Academy Award nominated film The Gatekeepers to show at Naro

by | May 3, 2013 | What’s Happening

Begins May 10

The movie, The Gatekeepers raises profound moral questions through the lens of six retired heads of Israel’s security agency, Israel Security Agency (ISA). It is a powerful, compelling and important movie. While I am neither a moviegoer or movie critic, this movie is a “must see.” It compellingly and honestly addresses how civil democratic society confronts terrorism and the limits of counterterrorism.

What makes the movie unique is the candid reflection of the six former heads; all understand the use of force, all exercised significant state power. Precisely for that reason, the consensus—but not unanimous— opinion they articulate regarding the need to negotiate with the Palestinian’s is of particular importance. These are not political “lefties,” hailing from the peace camp blind to Palestinian terrorism and the price it has exacted on Israeli society. Neither do the heads represent an extreme right-wing perspective that Israel is always the victim of Palestinian terrorism. The movie is far more nuanced than that; the situation and opinions are far more complicated than a simple “correct-incorrect,” “right-left” perspective.

Critics have suggested the movie is “bad” for Israel public relations (hasbara); criticism has come from the political left and right alike, whether in the U.S. or in Israel. The “left” is critical of the movie because it portrays Israel as engaging in unlimited use of force in response to Palestinian terrorism; the right criticizes the movie for portraying Israel’s security heads as apologizing for the use of force. Both badly miss the point.

My conversations with one of the retired heads made clear the point of the movie: there is no alternative but to engage the Palestinians in direct negotiations because the impact of the use of force is, ultimately, limited. That is reflective neither of weakness (the right’s criticism) nor war mongering (the left’s criticism). It is, more than anything else, indicative of sobering real-politick predicated on thoughtful reflection by those uniquely positioned to do so.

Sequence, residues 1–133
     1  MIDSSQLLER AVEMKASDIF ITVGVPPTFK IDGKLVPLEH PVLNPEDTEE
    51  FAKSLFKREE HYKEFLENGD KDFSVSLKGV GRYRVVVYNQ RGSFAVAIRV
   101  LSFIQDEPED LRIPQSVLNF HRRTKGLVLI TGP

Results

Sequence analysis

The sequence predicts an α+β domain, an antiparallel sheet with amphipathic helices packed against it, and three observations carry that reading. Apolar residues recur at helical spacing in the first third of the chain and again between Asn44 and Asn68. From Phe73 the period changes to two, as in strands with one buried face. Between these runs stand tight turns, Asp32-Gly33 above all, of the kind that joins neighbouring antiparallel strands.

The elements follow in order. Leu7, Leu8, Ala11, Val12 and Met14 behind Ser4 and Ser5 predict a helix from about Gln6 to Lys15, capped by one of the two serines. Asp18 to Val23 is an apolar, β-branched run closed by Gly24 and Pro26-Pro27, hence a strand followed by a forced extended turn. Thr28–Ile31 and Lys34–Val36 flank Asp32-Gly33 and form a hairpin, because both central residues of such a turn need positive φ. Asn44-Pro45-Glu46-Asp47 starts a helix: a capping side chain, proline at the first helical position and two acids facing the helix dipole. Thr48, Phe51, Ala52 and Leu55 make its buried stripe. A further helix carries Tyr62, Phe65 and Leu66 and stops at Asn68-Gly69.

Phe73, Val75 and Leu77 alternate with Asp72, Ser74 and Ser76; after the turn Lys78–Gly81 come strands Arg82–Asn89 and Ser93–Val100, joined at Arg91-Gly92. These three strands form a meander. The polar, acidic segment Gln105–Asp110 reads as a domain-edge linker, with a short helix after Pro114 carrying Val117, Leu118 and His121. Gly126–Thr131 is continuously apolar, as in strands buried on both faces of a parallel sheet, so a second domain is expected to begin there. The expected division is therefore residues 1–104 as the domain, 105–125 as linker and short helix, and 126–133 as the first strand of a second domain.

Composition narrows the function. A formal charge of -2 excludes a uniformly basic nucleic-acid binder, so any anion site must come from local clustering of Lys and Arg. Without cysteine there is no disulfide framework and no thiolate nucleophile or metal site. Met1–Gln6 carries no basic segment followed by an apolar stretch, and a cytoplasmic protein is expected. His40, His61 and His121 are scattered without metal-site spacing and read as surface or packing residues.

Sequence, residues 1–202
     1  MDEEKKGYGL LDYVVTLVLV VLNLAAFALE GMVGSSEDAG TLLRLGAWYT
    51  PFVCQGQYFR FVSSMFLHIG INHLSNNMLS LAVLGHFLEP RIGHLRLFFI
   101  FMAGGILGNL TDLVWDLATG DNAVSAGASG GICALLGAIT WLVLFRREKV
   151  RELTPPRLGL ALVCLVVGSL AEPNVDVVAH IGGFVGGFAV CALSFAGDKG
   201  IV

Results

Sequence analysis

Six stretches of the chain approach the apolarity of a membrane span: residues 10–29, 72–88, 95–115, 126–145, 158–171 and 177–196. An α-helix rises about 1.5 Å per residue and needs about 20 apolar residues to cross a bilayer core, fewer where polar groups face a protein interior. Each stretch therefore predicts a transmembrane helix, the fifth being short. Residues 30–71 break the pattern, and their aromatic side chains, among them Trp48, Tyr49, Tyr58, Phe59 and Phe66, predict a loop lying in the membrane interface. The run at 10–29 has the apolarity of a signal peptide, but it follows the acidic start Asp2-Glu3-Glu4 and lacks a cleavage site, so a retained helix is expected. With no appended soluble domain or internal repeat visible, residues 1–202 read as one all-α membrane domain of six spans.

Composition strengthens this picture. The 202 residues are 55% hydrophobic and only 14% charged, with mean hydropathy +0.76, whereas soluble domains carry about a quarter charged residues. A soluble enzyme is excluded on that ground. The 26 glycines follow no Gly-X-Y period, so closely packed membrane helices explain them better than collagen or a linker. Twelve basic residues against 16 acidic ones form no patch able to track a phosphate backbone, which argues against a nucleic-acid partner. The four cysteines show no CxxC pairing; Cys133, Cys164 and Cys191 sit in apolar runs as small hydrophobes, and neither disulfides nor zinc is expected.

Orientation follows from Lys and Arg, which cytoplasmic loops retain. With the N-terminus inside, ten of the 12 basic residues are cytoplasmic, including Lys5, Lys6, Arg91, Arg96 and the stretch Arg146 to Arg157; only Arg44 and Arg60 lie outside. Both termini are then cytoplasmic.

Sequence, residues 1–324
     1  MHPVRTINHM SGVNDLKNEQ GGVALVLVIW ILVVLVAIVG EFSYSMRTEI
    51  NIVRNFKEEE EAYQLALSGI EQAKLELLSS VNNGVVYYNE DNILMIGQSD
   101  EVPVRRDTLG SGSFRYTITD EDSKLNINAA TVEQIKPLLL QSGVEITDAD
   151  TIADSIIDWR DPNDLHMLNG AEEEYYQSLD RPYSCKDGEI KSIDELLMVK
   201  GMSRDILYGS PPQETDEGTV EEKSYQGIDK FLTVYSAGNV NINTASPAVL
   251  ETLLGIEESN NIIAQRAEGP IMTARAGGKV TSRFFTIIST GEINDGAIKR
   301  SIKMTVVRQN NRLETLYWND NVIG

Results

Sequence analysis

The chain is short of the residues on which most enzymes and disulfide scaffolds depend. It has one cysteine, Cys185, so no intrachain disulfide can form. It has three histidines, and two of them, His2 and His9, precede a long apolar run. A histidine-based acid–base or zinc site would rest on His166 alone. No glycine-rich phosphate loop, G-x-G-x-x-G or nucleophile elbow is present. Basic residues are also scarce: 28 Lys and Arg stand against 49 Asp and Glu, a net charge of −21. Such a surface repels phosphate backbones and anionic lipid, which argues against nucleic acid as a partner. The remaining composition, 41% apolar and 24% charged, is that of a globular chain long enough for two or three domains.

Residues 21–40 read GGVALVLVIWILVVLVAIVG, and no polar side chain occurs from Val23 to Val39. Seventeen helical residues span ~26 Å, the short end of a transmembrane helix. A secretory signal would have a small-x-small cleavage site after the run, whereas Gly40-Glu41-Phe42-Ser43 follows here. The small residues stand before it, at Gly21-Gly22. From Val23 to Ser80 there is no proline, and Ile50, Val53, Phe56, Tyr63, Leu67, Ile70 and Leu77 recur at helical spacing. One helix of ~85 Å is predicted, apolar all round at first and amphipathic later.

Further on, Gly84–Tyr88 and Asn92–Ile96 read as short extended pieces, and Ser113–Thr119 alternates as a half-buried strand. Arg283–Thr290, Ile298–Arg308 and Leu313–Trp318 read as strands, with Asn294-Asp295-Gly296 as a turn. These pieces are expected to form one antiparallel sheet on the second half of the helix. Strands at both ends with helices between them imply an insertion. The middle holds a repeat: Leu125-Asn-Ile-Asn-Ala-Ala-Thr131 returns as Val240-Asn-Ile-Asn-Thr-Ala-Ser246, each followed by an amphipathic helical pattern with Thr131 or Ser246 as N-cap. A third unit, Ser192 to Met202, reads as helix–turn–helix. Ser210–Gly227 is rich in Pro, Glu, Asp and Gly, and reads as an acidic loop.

Re-articulated: the movie accentuates an extraordinary paradox that is, in many ways, the essence of Israel’s reality. As former Prime Minister Rabin, assassinated by a Jewish terrorist, repeatedly said, “we will fight for peace like there is no terrorism and fight terrorism like there is no peace.” Rabin’s statement, made in the aftermath of the signing of the Oslo Accords and in the face of a series of highly successful suicide bombings in Israel, reflected the “yin-yang” that is Israel’s existential dilemma.

The six heads, in referring to Palestinian terrorism, highlight the reality confronting Israel today. The reality, particularly as expressed by Ya’kov Per’i, Ami Ayalon, Avi Dichter and Yu’val Diskin is crystal clear: there is no choice but to negotiate with the Palestinians. Emphasizing the powerful words of Per’i, Ayalon, Dichter and Diskin is not intended to diminish the reflections of Avraham Shalom and Carmi Gillon; rather it highlights the four whose words are the movie’s essence. To remind: Shalom was forced to resign for his role in the Bus 300 scandal and left Israel shortly thereafter; Gillon, the head when Rabin was assassinated, was forced to resign in its aftermath.

What is it, then, that makes this movie both “so Israeli” and so “must see”? It is the clear-eyed, devoid of pathos, straightshooting (dugri, in colloquial Hebrew) sabri (native born Israeli) analysis of reality. There is no “political correctness,” no apology, no weakness, and no “mea culpa” in this movie. At the end of the day, what makes the movie so compelling is the unflinching toughness of tough-minded people who authorized killing Palestinian terrorists. The heads harbor no regret for their actions; their words are intended as a powerful clarion call: we cannot continue like this, we must directly negotiate with the Palestinians.

In my conversation with one of the heads, I asked him if the movie had an audience of one, PM Benjamin Netanyahu. While not rejecting my analysis he, correctly, noted, “even if Bibi does not see the movie, others would.” As Netanyahu’s third government takes the reins of power, it can but be hoped that the rational voices of the heads will be heard. Their straight and direct talk regarding the limits of power is compelling and powerful, making this an extraordinarily important movie.

by Professor Amos N. Guiora

—Amos Guiora is a Professor of Law, SJ Quinney College of Law, University of Utah. He is the author of numerous books dealing with military law and national security including Legitimate Target: A Criteria-Based Approach to Targeted Killing (Oxford University Press, forthcoming April 2013). Guiora served for 19 years in the Israel Defense Forces, LT. COL. (retired); from 1994-1999 he was directly involved in the implementation of the Oslo Peace Process. Guiora was the first speaker in the 2012-2013 Israel Today Series in Tidewater.